Prime Minister Prayut Chan-o-cha is currently non-committal about the banning or restriction of paraquat, glyphosate and chlorpyrifos, saying that the matter should be resolved in accordance with formal procedures.
The issue has divided people into two camps, civic and consumer groups who support completely banning the three hazardous farm chemicals and farmers who support restricting their use, as earlier proposed by the National Hazardous Substances Committee.
There have been reports of a showdown at the Ministry of Agriculture and Agricultural Cooperatives on Wednesday when a group of oil palm farmers showed up to voice their objection to a complete ban, while the opposing group, Biothai, also showed up to demand a complete ban.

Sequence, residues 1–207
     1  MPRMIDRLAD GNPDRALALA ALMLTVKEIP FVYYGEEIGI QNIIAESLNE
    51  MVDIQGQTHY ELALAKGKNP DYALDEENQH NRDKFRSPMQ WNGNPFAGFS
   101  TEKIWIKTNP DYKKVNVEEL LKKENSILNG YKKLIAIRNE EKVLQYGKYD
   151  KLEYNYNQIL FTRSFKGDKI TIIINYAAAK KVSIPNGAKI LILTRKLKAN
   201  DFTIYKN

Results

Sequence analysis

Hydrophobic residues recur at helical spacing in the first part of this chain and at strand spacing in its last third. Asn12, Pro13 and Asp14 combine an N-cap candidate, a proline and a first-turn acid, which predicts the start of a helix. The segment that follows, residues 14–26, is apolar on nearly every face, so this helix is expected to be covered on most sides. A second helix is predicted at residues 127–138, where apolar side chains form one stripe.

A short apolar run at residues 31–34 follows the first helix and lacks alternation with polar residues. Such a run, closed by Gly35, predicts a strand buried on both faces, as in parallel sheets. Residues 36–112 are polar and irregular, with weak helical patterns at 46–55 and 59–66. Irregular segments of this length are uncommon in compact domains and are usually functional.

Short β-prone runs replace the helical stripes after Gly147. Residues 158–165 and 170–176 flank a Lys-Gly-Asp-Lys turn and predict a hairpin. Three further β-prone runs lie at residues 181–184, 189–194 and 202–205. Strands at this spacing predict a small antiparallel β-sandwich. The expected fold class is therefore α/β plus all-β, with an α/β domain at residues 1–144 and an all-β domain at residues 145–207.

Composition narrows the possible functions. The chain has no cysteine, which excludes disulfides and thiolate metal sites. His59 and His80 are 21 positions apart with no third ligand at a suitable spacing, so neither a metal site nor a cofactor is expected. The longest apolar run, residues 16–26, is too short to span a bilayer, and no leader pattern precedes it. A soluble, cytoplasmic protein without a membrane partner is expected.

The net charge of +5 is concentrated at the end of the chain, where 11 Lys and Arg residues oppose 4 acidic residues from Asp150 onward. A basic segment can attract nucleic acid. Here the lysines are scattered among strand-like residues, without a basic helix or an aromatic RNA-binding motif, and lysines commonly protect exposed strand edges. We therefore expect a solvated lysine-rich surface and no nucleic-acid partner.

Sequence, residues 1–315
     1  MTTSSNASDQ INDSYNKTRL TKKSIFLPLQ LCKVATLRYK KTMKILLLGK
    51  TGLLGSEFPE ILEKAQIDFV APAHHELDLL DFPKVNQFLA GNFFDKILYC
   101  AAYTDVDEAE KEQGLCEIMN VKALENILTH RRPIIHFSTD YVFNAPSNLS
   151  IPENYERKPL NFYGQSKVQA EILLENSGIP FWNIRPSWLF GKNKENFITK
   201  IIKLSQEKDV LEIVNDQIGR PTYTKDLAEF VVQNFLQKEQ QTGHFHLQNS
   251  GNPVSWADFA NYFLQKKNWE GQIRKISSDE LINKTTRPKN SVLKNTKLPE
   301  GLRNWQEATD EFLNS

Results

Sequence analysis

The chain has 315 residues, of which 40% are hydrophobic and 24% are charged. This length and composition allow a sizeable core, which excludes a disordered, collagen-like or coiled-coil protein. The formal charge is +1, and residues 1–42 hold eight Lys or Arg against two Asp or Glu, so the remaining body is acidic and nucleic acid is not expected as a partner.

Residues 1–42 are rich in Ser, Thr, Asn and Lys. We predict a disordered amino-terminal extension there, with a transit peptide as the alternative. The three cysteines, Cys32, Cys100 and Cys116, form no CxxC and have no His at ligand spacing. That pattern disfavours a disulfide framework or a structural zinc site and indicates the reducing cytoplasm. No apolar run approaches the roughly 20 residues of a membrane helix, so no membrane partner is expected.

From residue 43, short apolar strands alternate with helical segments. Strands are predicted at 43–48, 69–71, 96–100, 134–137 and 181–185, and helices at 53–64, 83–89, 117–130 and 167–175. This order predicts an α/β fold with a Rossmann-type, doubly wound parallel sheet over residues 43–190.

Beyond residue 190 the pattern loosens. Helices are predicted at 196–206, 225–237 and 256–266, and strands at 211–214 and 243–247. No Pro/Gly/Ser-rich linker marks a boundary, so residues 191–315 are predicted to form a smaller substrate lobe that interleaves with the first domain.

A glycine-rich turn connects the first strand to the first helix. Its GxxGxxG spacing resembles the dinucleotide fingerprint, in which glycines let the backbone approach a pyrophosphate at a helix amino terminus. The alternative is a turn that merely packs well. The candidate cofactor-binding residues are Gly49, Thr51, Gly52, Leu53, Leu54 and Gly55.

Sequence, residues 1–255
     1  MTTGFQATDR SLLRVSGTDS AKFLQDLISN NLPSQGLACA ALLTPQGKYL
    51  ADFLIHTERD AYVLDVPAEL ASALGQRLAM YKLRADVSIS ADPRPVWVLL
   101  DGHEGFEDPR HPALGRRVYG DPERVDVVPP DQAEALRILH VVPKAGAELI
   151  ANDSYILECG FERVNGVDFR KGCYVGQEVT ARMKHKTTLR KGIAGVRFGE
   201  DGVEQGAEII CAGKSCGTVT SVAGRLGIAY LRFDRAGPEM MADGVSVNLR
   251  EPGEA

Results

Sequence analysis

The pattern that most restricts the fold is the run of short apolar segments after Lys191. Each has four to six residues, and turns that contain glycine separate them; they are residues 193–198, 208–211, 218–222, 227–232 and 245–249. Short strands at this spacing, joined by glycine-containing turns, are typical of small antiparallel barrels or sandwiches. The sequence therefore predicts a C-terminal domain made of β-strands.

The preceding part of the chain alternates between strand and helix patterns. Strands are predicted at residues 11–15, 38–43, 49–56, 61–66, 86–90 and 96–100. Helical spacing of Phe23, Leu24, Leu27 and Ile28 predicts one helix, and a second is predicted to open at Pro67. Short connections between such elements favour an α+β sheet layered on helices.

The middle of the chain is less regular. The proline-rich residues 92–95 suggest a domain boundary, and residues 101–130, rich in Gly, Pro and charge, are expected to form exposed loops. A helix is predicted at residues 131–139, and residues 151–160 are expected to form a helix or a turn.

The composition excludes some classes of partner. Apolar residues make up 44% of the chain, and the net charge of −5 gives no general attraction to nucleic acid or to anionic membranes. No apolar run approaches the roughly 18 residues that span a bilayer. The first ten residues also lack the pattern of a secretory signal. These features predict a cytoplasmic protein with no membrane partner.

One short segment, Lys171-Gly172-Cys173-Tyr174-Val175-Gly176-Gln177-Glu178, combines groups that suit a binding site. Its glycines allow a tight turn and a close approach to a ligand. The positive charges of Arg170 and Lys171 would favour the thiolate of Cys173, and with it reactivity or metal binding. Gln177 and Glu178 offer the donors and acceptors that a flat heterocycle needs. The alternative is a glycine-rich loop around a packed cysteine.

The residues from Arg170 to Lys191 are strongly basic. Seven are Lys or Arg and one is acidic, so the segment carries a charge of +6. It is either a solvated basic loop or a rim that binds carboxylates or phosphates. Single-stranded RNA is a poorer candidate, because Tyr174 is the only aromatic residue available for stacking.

Both Agriculture Minister Chalermchai Sri-on of the Democrat party and his deputy from Bhumjaithai party, Mrs. Mananya Thaiseth, claimed they were unwell and did not meet with the opposing groups.
Human rights commissioner Mrs. Prakairat Tanthirawong said yesterday that, in February, the National Human Rights Commission proposed a ban on the production, import, export and possession of paraquat, that the Agriculture Ministry adopt long-term measures for the use of farm chemicals and that they develop alternative chemicals. The commission also proposed that the cabinet should enact laws to control farm chemicals to prevent the harmful impacts caused by their use.
She emphasized that the government must give top priority to protecting the safety of consumers and act in the public interest.